Although it may be hard for you to deal with the drama, leaving without saying goodbye can cause separation anxiety to get even worse. Do your best to let them know you are leaving and say goodbye each time.

Another helpful tip is to help settle the child into a favorite activity before leaving, so they have something positive to do when you depart.

Let Them Bring an Object
If they’re going to a new place, bringing a familiar object from home may help with the transition. This might be something like a favorite teddy or a comfort blanket. It’s also helpful to spend time with your child at any new location you are leaving them before leaving them in the new location.

Stay Calm
It’s easy to get worked up when you see your child is upset. Unfortunately, this can also make your child feel more upset. Try to keep a smile on your face when you leave, and keep yourself as calm as possible. Separation anxiety can cause quite a bit of drama, but if you can remain calm yourself your child will likely calm down sooner.

Separation Anxiety in Older Children
Separation anxiety is a normal part of development, but it can stray into a disorder. If your child is older and still experiences separation anxiety, it may be a sign that they have Separation Anxiety Disorder. Other signs include:
• Refusing to go to school
• Obsessing about harm coming to a family member
• Anxiety going on for more than 4 weeks
• Refusing to sleep alone
• Being excessively clingy even at home

If you notice any of these symptoms, you may want to bring them up with your child’s pediatrician. While it’s possible these may be situational rather than a disorder, your pediatrician will be the best one to help address the problem.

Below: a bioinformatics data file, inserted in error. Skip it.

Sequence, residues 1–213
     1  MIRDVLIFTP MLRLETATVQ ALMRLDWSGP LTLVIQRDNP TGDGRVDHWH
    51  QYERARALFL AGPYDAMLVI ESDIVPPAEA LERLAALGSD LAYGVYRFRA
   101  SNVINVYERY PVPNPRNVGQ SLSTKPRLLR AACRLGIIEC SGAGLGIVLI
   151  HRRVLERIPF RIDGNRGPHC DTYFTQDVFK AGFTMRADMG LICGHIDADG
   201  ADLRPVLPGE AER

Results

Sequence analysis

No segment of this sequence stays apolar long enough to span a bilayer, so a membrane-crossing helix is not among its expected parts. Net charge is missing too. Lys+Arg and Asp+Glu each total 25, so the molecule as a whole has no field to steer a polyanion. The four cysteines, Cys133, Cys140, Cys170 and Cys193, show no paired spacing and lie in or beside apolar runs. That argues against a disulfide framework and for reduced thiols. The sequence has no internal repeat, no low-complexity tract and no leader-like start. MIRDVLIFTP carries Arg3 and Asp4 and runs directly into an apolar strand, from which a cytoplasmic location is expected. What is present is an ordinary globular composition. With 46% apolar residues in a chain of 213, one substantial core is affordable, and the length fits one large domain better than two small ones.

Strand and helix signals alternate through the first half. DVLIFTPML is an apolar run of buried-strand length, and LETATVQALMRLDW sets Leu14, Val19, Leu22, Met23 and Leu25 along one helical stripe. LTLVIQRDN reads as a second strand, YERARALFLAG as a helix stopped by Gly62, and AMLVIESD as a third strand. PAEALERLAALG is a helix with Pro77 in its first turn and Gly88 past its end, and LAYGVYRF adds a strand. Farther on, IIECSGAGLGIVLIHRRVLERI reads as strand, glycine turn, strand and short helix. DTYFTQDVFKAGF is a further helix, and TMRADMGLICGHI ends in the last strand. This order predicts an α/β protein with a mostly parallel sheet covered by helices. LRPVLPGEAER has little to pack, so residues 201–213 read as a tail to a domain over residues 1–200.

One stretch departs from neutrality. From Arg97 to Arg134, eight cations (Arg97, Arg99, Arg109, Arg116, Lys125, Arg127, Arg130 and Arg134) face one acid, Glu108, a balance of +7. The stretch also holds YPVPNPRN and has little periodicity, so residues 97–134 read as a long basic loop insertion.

For young children, separation anxiety is a normal part of development. Your child will likely grow out of it as they get older, but in the mean time you can help grow their confidence with these tips. By remaining calm, letting them bring a comfort object from home, and letting them know when you are leaving and where you are going, you can help ease the transition.

The Importance of Socialization for Preschoolers

After the rise of Covid, socialization largely fell by the wayside for many young children. Daycare centers closed, families seldom saw each other, and many parents worked from home to avoid putting their kids at risk.

While isolating during a pandemic is designed to help reduce the spread, it comes at a cost. Many young children have grown up without other young friends to help them socialize.

Why Socialization is Important
When young children are with others their age, they learn many valuable lessons they will carry with them throughout their entire lives. This includes things like taking turns, reading and understanding others’ emotions, and a development of their sense of self.
Although they may be able to learn these things later, it can be a shock to go to school and suddenly have to wait in line or not be first for everything.
Daycare provides the opportunity to understand other people and respond to their needs and wants.

Chatting It Up
Another benefit of being surrounded by other children is the immersion in language it provides. Kids love to talk. They talk a lot more than most adults care to listen to let alone responding in kind. When children are allowed to chat with each other, the number of words they hear in a day go up significantly.
Language immersion is an important part of language development. The more they hear, the more new words they experience. This can help them not only with vocabulary, but the elements of grammar as well.

Bonding with Others